You’ve probably noticed: The term “metaverse” is everywhere.
Last year, Facebook rebranded itself as Meta, a not-so-subtle nod to the social network’s ambition to be a prime mover in the next step in the internet. Microsoft’s AltspaceVR stakes a claim to being a metaverse, and the software giant just announced it would buy ActivisionBlizzard for $69 billion, part of an expansion into virtual worlds. Rec Room and world-building games, like Roblox and Minecraft, all get rolled into discussions of what the metaverse is.
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The metaverse isn’t a new idea, and the term has been in circulation for decades. The technological concepts behind it – virtual reality, augmented reality and 3D computing – are older still. The current boom in interest is just the most recent peak in a years-long push to make these advances useful to everybody.
What’s changed is a shift in understanding, a conviction that the internet needs to be reimagined. How far-reaching those changes end up being is anyone’s guess. After all, the road map for the metaverse is half-paved, and it’s still not entirely clear that it’ll be completed as promised.
What’s for sure is that if there’s money to be made, big companies will be involved. In addition to Meta and Microsoft, Qualcomm, Nvidia, Valve, Epic, HTC and Apple are all dreaming up new ways of connecting online. It’s unclear whether these projects will be standalone or interconnected. What is clear is that you’ll be hearing more about the metaverse in the years ahead.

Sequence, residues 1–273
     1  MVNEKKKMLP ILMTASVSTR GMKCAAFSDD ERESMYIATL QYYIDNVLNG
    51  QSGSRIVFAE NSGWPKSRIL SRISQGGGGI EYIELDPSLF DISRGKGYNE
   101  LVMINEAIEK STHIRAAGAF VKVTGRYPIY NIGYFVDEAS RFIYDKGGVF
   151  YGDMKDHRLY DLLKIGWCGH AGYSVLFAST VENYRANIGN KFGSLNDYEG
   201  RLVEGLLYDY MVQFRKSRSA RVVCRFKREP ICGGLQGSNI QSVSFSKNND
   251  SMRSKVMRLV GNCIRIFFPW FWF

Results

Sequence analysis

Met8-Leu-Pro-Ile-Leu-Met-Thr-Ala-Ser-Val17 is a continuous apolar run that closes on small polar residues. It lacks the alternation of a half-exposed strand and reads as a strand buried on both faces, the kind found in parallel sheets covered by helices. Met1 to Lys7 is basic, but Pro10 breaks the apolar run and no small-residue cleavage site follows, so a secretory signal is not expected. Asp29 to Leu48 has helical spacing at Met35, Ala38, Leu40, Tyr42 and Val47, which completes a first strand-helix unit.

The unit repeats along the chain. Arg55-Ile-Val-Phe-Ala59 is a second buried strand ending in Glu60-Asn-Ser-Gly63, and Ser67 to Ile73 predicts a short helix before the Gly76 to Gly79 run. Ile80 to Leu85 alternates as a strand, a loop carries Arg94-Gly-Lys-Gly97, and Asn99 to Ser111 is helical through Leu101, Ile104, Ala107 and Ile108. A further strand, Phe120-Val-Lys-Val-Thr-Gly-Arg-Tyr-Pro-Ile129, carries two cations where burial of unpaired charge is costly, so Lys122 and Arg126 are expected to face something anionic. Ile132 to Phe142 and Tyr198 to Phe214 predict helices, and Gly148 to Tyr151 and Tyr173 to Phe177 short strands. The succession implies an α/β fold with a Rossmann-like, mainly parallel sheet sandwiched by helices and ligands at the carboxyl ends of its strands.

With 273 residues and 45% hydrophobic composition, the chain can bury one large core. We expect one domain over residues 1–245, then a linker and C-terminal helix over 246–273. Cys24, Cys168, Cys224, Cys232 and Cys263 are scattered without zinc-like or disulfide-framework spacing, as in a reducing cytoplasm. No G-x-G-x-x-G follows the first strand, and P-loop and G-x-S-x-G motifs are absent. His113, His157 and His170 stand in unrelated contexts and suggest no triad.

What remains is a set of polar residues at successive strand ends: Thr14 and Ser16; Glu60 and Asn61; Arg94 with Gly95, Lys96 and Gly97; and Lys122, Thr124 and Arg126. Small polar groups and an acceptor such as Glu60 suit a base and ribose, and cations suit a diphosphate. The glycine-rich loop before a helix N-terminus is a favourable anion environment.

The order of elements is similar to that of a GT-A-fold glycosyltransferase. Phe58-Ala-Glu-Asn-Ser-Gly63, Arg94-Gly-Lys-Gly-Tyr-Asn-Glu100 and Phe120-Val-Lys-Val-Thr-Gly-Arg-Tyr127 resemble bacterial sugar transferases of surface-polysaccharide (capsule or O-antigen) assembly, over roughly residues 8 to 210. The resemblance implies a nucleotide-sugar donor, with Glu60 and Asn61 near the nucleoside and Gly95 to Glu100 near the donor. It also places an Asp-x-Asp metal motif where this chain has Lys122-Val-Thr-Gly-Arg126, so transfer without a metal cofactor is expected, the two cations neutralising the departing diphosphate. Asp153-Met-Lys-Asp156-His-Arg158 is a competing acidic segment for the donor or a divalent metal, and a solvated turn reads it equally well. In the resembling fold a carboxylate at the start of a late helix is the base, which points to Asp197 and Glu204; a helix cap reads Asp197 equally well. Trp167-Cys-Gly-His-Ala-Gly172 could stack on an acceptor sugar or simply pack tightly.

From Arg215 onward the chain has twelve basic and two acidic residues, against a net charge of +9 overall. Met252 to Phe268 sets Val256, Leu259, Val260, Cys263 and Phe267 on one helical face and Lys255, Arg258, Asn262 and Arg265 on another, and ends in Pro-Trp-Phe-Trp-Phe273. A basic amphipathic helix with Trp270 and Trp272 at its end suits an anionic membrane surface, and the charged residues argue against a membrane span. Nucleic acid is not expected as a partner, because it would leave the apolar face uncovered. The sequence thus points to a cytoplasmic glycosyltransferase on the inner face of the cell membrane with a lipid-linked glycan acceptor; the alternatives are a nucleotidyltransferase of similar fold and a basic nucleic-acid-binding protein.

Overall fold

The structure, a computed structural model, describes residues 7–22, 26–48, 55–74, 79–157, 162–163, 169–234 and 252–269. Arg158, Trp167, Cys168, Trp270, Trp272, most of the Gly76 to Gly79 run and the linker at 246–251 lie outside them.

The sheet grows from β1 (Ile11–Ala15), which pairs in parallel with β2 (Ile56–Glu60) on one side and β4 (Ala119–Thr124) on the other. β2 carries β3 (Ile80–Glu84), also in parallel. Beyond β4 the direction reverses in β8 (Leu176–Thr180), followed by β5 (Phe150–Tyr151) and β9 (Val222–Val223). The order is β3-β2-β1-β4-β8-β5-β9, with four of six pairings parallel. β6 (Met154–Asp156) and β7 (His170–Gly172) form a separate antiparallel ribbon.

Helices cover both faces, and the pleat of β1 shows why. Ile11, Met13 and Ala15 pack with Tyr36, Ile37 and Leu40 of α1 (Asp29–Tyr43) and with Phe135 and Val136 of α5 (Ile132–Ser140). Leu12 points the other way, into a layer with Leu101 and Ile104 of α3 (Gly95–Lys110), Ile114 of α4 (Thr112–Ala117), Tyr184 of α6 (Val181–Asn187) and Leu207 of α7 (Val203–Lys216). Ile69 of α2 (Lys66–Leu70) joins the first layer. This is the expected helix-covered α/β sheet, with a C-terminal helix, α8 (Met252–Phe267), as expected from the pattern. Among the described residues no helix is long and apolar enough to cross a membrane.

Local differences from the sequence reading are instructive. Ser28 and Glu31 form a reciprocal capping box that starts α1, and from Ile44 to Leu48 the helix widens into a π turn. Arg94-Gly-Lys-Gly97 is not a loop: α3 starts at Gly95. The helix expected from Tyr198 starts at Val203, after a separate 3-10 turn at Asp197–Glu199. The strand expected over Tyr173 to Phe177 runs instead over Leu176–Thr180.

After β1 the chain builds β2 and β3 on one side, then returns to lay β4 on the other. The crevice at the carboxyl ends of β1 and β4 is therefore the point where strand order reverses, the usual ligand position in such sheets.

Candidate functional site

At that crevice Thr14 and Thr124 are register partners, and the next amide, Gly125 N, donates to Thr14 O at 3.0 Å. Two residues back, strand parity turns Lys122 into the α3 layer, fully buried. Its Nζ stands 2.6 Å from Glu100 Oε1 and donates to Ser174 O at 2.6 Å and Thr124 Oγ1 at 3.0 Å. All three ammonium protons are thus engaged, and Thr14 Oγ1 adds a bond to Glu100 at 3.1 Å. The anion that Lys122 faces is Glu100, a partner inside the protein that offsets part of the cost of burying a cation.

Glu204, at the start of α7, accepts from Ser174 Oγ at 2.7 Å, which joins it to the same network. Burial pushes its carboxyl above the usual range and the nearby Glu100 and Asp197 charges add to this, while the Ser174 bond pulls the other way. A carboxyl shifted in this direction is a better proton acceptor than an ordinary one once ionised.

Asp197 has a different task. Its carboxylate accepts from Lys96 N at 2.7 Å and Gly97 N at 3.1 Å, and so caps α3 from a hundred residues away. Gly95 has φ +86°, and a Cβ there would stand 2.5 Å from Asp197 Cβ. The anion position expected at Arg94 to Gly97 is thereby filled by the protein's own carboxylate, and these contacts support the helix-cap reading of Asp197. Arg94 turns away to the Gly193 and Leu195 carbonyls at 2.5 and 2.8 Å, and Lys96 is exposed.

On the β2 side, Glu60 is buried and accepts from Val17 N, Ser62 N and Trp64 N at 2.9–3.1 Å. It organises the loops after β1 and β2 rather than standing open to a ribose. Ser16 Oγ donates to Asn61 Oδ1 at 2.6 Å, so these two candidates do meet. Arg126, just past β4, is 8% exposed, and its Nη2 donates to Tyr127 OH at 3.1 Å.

What is the metaverse?
Unsatisfyingly, the metaverse is a squishy concept. An evolution of the internet, it’s often described as online spaces where people can socialize, work and play as avatars. Those spaces are shared and always available; they don’t disappear when you’ve finished using them, like a Zoom call. The description is so broad that many people say the metaverse already exists in the digital worlds of Roblox, Minecraft and Fortnite, which allow players to gather in 2D environments. Second Life, a social and gaming platform that’s been around for nearly two decades, is a metaverse and is being revamped.
Facebook boss Mark Zuckerberg, Microsoft CEO Satya Nadella and other proponents see a deeper, more immersive experience that marries a host of existing technologies, such as VR headsets, mobile devices, personal computers and cloud-connected servers. These futurists envision the development of a 3D virtual world, one that you’ll optionally enter while wearing a headset or AR glasses. There’s no agreement on whether you’ll need VR or AR to get to the metaverse, but they pretty much go hand in hand, suggesting that these headsets will be compatible with whatever’s on offer. A new wave of VR and mixed reality headsets are expected to be announced this year from Meta, Sony, Apple, and maybe others.
One common theme: The metaverse will be a virtual world that parallels our IRL lives. Digital neighborhoods, parks and clubs will spring up, possibly in a single virtual world or spread across many. Some people see a metaverse that overlaps with the physical world and includes AR overlays. Investors are already splashing out large sums on plots of virtual land. Barbados has indicated it wants an embassy in the metaverse, underscoring the cachet the concept has generated.